On the other hand, some vegetarians eat fish, because for some reason a fish's body isn't made out of meat? It's made out of fish, which I guess is different from meat? I don't know how it works. Anyway, I was NOT allowed to eat fish. Our version of vegetarianism meant forsaking all chunks of all animals' bodies, whether those bodies were previously covered in fur, feathers, or scales. Would I have been permitted to eat oysters? That's a gray area. A gray, slimy, mucus-y area that I wouldn't have wanted to eat anyway.

Another common misconception was that people thought being a vegetarian would cause me to lose weight and be healthier. "Do you notice any ... changes?" people would ask, their voices filled with hope. But it turns out you can abstain from meat and still be REALLY unhealthy. "Vegetarian" doesn't mean you only eat vegetables, any more than "veterinarian" means you only eat veterans. Ice cream, candy, pizza, French fries, fistfuls of granulated sugar, methamphetamine, entire bottles of maple syrup -- these are just a few of the delicious meat-free dinner entrees that will keep you fat and unsavory during a period of enforced vegetarianism.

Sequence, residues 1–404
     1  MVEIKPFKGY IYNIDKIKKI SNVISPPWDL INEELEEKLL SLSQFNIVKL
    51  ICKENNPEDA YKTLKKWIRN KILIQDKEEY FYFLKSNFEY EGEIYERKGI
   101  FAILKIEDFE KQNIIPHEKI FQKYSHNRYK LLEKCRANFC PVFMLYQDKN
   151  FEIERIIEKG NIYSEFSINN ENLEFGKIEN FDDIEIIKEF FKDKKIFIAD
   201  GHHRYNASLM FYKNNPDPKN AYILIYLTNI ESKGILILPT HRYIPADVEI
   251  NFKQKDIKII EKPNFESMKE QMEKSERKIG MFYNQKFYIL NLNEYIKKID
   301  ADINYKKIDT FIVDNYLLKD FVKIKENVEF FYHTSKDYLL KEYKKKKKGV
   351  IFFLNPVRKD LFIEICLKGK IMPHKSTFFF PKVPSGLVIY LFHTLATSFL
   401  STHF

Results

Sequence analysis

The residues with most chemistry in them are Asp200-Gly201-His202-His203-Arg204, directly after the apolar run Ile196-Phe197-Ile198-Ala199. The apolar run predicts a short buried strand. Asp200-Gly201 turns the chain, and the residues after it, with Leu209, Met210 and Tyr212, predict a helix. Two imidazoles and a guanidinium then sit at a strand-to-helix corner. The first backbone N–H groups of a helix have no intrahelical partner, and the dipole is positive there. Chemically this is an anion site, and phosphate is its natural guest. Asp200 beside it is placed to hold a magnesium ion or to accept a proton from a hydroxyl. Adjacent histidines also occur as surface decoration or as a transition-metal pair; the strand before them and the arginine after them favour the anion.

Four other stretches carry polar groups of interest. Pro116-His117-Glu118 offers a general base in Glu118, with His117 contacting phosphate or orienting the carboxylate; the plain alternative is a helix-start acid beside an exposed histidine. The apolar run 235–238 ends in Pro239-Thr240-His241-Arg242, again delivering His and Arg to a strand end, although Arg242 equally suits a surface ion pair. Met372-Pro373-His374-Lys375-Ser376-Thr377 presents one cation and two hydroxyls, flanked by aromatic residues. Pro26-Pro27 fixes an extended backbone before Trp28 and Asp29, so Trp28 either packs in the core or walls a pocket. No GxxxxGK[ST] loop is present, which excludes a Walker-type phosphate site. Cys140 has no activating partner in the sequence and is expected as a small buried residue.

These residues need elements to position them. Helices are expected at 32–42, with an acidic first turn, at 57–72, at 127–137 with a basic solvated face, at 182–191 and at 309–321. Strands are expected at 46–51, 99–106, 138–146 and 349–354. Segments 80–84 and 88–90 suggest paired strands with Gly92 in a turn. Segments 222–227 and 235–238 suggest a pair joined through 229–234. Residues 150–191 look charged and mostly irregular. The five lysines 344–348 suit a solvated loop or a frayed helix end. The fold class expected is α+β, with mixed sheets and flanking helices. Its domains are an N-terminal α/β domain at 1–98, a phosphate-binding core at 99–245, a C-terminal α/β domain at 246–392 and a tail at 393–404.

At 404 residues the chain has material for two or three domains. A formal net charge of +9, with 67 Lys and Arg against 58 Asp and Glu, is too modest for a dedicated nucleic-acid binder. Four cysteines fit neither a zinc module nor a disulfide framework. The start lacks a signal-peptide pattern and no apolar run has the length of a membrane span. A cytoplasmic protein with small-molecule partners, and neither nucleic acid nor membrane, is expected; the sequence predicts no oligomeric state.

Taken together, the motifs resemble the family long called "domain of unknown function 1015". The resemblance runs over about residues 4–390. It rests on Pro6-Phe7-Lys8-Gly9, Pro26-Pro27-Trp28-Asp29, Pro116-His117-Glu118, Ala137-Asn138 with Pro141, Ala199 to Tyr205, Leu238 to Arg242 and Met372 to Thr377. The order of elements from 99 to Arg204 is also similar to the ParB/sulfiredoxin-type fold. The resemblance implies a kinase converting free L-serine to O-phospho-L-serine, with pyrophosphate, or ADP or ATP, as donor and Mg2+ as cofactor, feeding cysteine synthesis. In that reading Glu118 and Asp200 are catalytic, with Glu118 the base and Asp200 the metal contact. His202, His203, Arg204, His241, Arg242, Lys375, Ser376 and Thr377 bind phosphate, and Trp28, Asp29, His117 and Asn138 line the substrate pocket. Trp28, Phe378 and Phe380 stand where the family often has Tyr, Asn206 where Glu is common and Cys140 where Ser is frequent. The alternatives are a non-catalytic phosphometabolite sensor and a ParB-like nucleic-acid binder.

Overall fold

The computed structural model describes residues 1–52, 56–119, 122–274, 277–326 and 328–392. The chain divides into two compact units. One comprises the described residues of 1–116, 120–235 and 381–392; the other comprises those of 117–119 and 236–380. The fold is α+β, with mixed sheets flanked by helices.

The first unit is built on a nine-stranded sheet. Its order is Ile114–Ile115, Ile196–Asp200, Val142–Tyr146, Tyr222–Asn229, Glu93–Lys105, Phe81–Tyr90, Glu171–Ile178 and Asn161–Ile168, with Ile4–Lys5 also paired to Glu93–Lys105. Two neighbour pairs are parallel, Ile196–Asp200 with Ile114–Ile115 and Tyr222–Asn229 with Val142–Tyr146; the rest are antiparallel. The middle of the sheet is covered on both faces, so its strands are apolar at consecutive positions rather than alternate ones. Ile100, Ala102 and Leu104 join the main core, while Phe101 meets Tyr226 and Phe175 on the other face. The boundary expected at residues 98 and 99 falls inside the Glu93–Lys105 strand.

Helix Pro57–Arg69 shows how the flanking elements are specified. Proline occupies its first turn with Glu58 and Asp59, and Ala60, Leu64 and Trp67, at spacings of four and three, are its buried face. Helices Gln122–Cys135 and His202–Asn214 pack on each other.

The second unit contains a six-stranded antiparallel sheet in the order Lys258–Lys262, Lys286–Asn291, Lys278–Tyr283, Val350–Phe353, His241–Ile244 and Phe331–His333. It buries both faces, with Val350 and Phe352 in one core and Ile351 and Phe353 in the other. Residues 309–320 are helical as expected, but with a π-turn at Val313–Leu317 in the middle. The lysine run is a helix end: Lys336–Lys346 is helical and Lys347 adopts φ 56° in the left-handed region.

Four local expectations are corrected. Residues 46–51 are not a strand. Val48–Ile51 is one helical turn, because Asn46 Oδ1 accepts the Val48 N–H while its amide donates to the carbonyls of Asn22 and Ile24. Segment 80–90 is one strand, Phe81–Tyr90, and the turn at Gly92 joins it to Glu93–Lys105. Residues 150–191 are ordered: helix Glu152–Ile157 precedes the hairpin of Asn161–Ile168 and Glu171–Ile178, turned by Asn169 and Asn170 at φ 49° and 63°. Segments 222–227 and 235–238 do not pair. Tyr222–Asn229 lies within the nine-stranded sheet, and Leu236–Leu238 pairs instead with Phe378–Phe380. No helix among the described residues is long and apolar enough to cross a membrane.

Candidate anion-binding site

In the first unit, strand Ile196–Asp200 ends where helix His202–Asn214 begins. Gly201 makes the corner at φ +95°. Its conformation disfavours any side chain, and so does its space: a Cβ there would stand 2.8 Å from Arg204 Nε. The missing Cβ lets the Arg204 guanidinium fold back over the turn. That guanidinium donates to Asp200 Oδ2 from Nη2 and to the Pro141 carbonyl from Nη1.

But I did see some changes. For example, it only took a few days of being a vegetarian before I felt an increased sense of smugness. "I'm a vegetarian!" I would say to myself. "Good for me!" Soon I was making plans to get rid of my TV so that I could tell everyone I didn't own a TV. Why, I almost started composting! (I got as far as thinking, "I wonder what composting is?")

Because of the public nature of the bet, my friends and associates knew that I was not allowed to eat meat as long as Lisa still had a baby inside of her. I was therefore surrounded by an army of witnesses and potential tattlers, which staved off any temptation I might have had to cheat. Then there were the enablers, the friends who would say, "Go ahead and have a burger. We won't tell Jeff! It will just be our little secret!" Though I did not succumb to their devilish wiles this time, it is reassuring to know that I have friends who are willing to enter into conspiracies with me.